By Amy Bowles, legal intern, ACLU of Pennsylvania
The first week of the constitutional challenge to Pennsylvania’s Voter ID law was rounded out by testimony from Professor Diana Mutz, Ph.D., on the ineffectiveness of the commonwealth’s efforts to educate the public about the voter ID law. Professor Mutz is the Samuel A. Stouffer Professor of Communication and Political Science at the University of Pennsylvania’s Annenberg School for Communication and an expert in political communication. Professor Mutz was hired by plaintiffs to review the commonwealth’s voter ID communication campaign.
Professor Mutz testified broadly on the campaign’s flawed design. She noted the commonwealth’s failure to adhere to standard best practices, developed by organizations like the National Research Council and widely used in communication campaigns. Notably, the commonwealth failed to pre-test their campaign materials, despite pre-testing being as inexpensive and easy as polling 15 people in a focus group to determine whether they understand and retain the desire message. The commonwealth also did not use formative evaluation, where a campaign is begun in a small area and fine-tuned based on the initial effectiveness before expanding. Professor Mutz testified that the extent to which an organization follows best practices, not the dollars expended on a campaign, is a predictor of success. She recounted examples of past campaigns, ranging from anti-drug to anti-pollution messages, where failure to adhere to best practices caused the campaign to be ineffective or even counter-productive.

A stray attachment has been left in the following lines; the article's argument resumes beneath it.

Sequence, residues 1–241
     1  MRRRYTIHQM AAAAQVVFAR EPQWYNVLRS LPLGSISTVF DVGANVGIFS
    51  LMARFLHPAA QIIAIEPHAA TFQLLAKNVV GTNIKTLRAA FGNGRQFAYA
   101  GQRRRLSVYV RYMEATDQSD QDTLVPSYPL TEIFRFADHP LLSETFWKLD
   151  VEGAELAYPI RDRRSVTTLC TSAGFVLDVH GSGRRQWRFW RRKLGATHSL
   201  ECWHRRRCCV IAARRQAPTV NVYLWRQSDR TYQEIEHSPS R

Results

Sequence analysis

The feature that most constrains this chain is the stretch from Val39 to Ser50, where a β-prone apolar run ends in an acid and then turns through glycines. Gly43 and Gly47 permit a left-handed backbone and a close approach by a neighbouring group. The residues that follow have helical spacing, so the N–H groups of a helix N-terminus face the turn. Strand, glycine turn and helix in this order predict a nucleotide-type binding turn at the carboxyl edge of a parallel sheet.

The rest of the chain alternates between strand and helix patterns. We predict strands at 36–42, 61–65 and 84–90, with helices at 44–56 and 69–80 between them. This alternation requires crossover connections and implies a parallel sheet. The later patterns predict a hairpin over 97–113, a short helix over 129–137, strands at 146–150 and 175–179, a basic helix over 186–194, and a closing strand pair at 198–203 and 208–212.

Professor Mutz also testified as to specific media produced by the commonwealth as part of the campaign both before the injunction and after. Each piece (TV spot, radio ad, magazine ad, online banner, and direct mail letter, insert, and postcard) raised its own unique concerns, but two recurring themes about the commonwealth’s campaign emerged. First, the presentation and language, “show it,” used by the campaign was vague and misleading. Professor Mutz testified that “show it” was a double entendre that could mean “show your commitment by voting” or “show ID” at the polls. Additionally, when “show it” was used in materials, it often accompanied a photo of a driver’s license, which concerned Professor Mutz because it could give the impression that a only a drivers license (not the variety of IDs on the approved list) was acceptable for voting purposes. In that sense, the campaign could be counterproductive.
Because the commonwealth failed to institute any effectiveness measures (contrary to best practice), it is unclear whether the population understood “show it” as the commonwealth intended. In fact, the commonwealth explicitly told their vendor, Red House, that they did not want to incorporate a standard effectiveness measure. Rather, the commonwealth used “impressions,” which are based on information circulation figures (like how many people receive a magazine). Professor Mutz testified that impressions lead to high estimates and are widely regarded not to be a legitimate effectiveness measure.
Second, and perhaps more egregious, was the fact that nearly every piece of information reviewed by Professor Mutz during testimony failed to include any substantive information about how to obtain ID if a voter finds herself without one. Professor Mutz reiterated prior testimony from the state that the commonwealth intentionally did not include information about how to obtain the for-voting-only Department of State (DOS) ID out of fear that it might confuse the public. She testified that follow through is critical when an organization wants a viewer to do something in response to the message, like go to a website or call a number, and follow through requires providing a reason to take additional steps. Yet, the commonwealth’s materials provided little to no indication of why member of the public would need to visit the website or call to “learn more,” as their materials suggest.